Some commercial projection lithography systems are designed with the requirement of telecentricity for the light source. To produce a light source usable with such systems, a field lens 42 is positioned within the path of the object beam substantially midway between diffuser plate 36 and the hologram 12 surface so that the diffuser plate 36 and hologram 12 surface are located in the front and back focal planes of the lens 42. The diffuser plate produces a series of point sources, each point of which radiates into a finite numerical aperture. Three points are shown in FIG. 5, each of which radiates a cone of light having its principal ray substantially perpendicular to the diffuser screen surface. The upper point produces a cone of light (shown dotted in the drawing) which is directed by field lens 42 to the hologram at an angle. Note that the principal ray and the outer rays are all parallel as they approach the hologram. The central point (shown as a dot dashed line in the drawing) has its principal ray unaffected by the field lens and the outer rays are parallel to the principal ray. Likewise, the lower point (shown in dash lines in the drawing) has its principal ray and the outer rays directed at an angle by the field lens so that they are parallel as they approach the hologram surface. During playback, the reconstructed points produce rays as shown in the drawing so that the rays converge to a point in the plane of the diffuser plate with the principal ray perpendicular to the plane of the diffuser plate. This reconstructed beam is operable with those systems which have a telecentricity requirement for the light source.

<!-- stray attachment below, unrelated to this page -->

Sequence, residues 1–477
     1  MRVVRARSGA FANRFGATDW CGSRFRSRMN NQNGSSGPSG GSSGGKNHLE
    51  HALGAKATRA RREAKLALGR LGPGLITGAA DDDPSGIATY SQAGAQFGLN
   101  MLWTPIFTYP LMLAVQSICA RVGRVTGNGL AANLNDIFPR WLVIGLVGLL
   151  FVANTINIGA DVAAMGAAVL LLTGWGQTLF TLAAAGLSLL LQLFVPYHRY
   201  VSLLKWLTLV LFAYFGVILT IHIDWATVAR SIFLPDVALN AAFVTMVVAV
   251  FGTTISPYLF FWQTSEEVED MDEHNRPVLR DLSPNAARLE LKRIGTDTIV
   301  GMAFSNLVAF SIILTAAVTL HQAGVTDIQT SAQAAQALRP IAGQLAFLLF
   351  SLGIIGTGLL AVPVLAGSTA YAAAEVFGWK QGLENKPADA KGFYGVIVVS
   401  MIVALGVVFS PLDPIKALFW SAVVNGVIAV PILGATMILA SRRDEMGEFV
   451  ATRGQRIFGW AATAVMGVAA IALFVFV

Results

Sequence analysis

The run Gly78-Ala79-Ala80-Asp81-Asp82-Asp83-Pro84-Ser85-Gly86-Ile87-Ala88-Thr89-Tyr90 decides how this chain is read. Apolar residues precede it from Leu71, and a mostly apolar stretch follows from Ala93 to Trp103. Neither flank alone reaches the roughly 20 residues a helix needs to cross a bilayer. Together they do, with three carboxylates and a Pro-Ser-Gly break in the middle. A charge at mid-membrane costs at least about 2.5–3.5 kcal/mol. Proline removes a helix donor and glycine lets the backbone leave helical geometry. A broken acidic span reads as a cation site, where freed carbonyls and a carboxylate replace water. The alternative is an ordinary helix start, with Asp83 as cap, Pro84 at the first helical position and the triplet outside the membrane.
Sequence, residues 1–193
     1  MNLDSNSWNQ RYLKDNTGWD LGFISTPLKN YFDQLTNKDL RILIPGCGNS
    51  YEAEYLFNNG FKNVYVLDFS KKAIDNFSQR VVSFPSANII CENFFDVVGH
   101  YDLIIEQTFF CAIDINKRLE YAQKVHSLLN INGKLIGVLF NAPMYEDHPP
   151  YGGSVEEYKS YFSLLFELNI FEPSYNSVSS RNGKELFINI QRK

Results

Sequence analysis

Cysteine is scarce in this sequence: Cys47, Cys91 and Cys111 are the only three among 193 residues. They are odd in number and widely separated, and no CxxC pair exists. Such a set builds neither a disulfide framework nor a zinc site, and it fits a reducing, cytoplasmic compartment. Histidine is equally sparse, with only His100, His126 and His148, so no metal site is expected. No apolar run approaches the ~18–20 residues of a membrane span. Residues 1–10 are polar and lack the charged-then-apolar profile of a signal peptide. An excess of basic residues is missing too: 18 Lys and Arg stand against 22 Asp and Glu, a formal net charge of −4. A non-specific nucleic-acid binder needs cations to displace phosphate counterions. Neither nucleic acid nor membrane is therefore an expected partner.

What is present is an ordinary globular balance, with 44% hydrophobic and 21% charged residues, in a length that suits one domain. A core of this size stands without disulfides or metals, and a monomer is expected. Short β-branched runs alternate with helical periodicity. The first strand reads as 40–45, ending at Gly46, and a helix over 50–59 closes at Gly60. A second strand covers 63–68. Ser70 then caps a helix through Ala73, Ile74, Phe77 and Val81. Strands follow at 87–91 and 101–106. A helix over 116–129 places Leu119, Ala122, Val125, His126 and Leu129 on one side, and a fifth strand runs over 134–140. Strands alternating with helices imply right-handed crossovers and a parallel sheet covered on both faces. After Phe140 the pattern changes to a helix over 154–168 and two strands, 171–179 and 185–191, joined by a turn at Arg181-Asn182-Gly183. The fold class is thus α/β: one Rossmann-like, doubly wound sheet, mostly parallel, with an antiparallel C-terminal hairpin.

In the embodiment shown in FIG. 6, a plurality of holograms 12" are mounted on a rotating disk 44. Each of the holograms 12" is preferably recorded with a different numerical aperture. Disk 44 (see FIG. 7) is provided with a series of detent notches 46 so that each of the holograms 12" can be selectively positioned as the operative hologram in the system. The detent mechanism holds the selected hologram 12" in precise alignment with the input light beam 10. By rotating disk 44 to the appropriate position by suitable mechanical or electro-mechanical means (not shown), a hologram of a selected numerical aperture can be selected for use in the lithography system.
While the invention has been particularly shown and described with reference to a preferred embodiment thereof, it will be understood by those skilled in the art that various other changes in the form and details may be made therein without departing from the spirit and scope of the invention.
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|US20050275841 *||Jun 9, 2004||Dec 15, 2005||Asml Netherlands B.V.||Alignment marker and lithographic apparatus and device manufacturing method using the same|
|US20070058274 *||Apr 13, 2004||Mar 15, 2007||Carl Zeiss Smt Ag||Illumination system for microlithography|
|U.S. Classification||359/16, 359/35|
|International Classification||G02B27/00, G02B5/32, G03H1/00|
|Cooperative Classification||G02B13/22, G03F7/70091, G03F7/7015, G02B5/32|
|Jun 23, 1982||AS||Assignment|
Owner name: INTERNATIONAL BUSINESS MACHINES CORPORATION, ARMON
Free format text: ASSIGNMENT OF ASSIGNORS INTEREST.;ASSIGNORS:JAIN, KANTILAL;LATTA, MILTON R.;SINCERBOX, GLENN T.;REEL/FRAME:004054/0032;SIGNING DATES FROM 19820616 TO 19820621
|Aug 10, 1987||FPAY||Fee payment|
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|Aug 1, 1991||FPAY||Fee payment|
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|Sep 21, 1995||FPAY||Fee payment|
Year of fee payment: 12